Janet (j4) wrote,

A Fool and her money

Motivated partly by the regular appearance of Motley Fool newsletters in my inbox, I finally got round to sorting some financial bits and pieces out yesterday.

First, I've got a new NSPCC credit card into which I'm transferring the outstanding balance on my egg card. That should save me about £3 a month, which isn't much, but it'll cover the cost of a birthday card, or one tube ticket, or even just one more slightly-more-guilt-free pint of beer. It also results in £20 being donated to the NSPCC when I start using it -- that's a donation I wouldn't have been able to justify making myself, to a charity which I believe to be worthwhile.

Second, I've fought my way through the Orange website and had another shot at changing my payment plan on my mobile phone, moving from Talk120 to Talk30. (I tried to do this a couple of months ago but somehow they don't seem to have changed the plan, and of course I was too apathetic and avoidant to do anything about it at the time. If it doesn't work this time, I'll be able to tell them when I tried to do this on the website, and complain loudly at them.) This should save me £10 a month, which is actually a noticeable amount.

Third, I've had a look through the records that I'm keeping of what I've been spending my money on, and it came as no great surprise to me to find that the costliest categories were food and train tickets. The train tickets are currently non-negotiable: I want to see as much of addedentry as possible, and while we live where we do the only sensible way to do that is by train. I knew I was a clingy and needy girlfriend but I'm amused to find that I really am more willing to economise on food than on time spent with Owen -- though that's partly because there's no way I can make the train journeys cheaper (except possibly booking tickets in advance, which is something I should investigate) whereas I could definitely be more economical about my food-shopping habits.

My expenses spreadsheet wasn't without its surprises, though. I was amazed to find that I was spending twice as much on gifts for other people as on books for myself (though I have been trying really hard not to buy unnecessary books), and horrified to find that I was spending as much on toiletries and medication as on gifts! Gifts are a tricky area to economise (and I'm not really in the best frame of mind to wander into that particular minefield of guilt at the moment) but toiletries really aren't: I could probably halve that figure if I just stopped buying things in Lush. If I don't buy the stuff for myself, it'll mean there's always an easy option for birthday/Christmas presents when my parents have no idea what to buy me. (Not that I would demand presents from them at all, obviously, but realistically they're likely to keep on giving me things, because they're like that.)

The really surprising thing is that according to my spreadsheet I've spent a grand total of £2.77 on music since New Year. Now I think that may be failing to take into account the couple of quid I spent on tapes in a charity shop, because I'm not infallible in my record-keeping; but even so, I'm amazed I've managed to resist the lure of Fopp's cheap CDs for this long.

The next items on the financial task-list are to investigate ways we could save money by moving the mortgage elsewhere, and to sort out my savings account. I've no idea about the mortgage but I'm guessing there are websites where you can type in the figures and they'll tell you if you could save money. As for savings: I don't really have many, but I've got some birthday money and suchlike in a Sainsburys account which was fairly high interest when I opened it but now is frankly rubbish (though still better than keeping the money in a sock under the mattress, I suppose). It would probably be better in a cash mini-ISA or something, but I keep hitting a wall of avoidance when I look at the millions of accounts that are out there which are all nearly the same, and I can't face working out which the best one would be. I think I need to just draw a line under that particular avenue of worry and find something that's better than the current situation.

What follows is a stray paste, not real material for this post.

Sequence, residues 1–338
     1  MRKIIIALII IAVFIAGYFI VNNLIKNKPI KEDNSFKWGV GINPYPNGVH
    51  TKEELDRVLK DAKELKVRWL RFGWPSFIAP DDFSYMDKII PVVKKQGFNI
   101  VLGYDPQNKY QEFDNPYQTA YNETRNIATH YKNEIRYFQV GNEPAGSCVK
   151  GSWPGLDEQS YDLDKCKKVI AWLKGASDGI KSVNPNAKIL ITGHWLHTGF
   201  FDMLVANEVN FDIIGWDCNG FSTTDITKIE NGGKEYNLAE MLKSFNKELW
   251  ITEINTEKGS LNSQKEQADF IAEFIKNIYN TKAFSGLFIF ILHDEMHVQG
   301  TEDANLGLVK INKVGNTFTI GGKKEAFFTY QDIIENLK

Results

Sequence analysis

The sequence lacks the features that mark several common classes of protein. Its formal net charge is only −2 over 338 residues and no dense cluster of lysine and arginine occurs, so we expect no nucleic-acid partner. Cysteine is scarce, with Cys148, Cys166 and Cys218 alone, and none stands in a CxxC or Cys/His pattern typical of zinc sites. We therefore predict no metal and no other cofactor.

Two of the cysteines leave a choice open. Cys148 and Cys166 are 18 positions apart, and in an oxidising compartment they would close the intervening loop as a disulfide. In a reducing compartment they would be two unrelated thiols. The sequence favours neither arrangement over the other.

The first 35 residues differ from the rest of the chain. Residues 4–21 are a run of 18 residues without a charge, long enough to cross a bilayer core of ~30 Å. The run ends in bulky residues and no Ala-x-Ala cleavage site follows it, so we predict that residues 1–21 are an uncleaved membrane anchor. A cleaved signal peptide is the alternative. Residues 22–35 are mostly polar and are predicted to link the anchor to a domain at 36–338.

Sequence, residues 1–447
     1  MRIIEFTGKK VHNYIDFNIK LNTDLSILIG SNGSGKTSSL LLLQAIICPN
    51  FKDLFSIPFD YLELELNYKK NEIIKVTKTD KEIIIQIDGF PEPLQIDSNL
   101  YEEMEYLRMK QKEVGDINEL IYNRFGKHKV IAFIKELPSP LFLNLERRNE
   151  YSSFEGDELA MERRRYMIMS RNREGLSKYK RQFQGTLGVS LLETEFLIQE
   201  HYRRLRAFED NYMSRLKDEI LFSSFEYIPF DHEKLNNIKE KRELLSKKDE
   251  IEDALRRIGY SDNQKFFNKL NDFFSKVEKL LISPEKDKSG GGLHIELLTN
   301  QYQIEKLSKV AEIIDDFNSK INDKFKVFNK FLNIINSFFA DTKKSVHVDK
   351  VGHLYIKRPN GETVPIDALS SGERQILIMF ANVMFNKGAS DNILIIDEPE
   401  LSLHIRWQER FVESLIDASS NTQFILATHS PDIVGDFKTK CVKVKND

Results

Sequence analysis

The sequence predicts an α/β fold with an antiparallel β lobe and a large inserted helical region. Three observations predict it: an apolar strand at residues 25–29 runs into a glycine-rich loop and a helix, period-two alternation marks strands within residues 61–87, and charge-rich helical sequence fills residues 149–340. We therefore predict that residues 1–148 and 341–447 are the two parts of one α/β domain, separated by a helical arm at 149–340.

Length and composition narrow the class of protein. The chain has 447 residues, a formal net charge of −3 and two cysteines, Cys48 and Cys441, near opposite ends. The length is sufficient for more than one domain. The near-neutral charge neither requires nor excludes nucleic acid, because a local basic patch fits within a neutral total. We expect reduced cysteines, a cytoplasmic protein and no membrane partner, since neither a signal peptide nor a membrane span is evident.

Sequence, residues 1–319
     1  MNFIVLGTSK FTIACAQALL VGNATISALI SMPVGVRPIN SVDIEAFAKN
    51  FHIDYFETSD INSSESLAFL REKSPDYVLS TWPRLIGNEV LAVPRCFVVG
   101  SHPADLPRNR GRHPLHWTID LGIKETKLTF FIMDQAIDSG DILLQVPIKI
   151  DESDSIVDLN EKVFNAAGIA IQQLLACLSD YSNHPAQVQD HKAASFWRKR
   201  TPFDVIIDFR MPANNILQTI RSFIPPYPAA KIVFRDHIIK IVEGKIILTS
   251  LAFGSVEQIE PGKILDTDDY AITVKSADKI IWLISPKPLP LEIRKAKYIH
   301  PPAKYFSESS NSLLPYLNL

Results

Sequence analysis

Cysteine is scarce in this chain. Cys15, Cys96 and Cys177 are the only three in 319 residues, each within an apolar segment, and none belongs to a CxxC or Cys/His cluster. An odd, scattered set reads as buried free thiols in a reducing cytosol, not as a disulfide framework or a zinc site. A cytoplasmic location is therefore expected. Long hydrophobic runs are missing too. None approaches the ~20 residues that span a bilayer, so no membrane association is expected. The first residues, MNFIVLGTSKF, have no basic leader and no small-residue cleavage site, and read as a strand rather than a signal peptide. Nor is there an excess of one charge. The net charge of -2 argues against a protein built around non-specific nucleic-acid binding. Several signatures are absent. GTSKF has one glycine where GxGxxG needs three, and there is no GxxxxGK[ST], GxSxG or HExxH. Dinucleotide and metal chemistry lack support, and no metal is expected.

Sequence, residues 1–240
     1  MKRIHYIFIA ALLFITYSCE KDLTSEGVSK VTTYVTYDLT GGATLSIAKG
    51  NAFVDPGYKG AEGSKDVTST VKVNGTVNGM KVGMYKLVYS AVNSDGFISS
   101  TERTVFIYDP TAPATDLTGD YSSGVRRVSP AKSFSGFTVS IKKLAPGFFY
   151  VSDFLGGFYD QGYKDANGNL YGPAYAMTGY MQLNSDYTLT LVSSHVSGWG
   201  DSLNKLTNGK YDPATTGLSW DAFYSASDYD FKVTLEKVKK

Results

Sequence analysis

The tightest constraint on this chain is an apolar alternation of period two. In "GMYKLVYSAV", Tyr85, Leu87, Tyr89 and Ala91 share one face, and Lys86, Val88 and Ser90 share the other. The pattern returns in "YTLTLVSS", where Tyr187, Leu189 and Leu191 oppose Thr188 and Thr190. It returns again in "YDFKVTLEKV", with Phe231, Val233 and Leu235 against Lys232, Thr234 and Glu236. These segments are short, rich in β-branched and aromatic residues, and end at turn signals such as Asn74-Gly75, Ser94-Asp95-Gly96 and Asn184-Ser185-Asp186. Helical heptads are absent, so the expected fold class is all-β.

So much for the outgoings and the savings. The actual income is harder to adjust; there's no way I can get a pay-rise, and I don't really want to look for another job at the moment unless I'm relocating completely (and that's all up in the air at the moment). I'm selling bits and pieces on eBay (though I haven't yet resorted to trying to sell my old train tickets -- thanks to addedentry for the link), and I'm on the lookout for psychology experiments for which I can volunteer my elite button-pressing skills in my lunch-hour (those usually pay a fiver or so), but is there anything else -- anything more productive? I keep prodding at the question of whether I could earn money from any of the skills I have. (Please, nobody suggest that I become a professional cake-decorator: I think it would take up too much of my time for too little money, and I also worry that it would take the fun out of doing cakes for friends and family.) The only thing I can think of that I could do on weeknights (I'm clutching at straws here) would be something like offering revision tutorials for GCSE/A-level English; okay, I don't have any (relevant) formal teaching qualifications, but then one-to-one tuition isn't formal teaching in that sense anyway, and I've got a degree in English -- and people do teach in schools with just a degree in their subject! The problem is, I have no idea how I'd go about starting to do the tutoring thing -- would any self-respecting parent even consider paying for tuition for their child from J. Random English Graduate? Does anybody have any experience of trying to do anything like this, or useful advice to offer?
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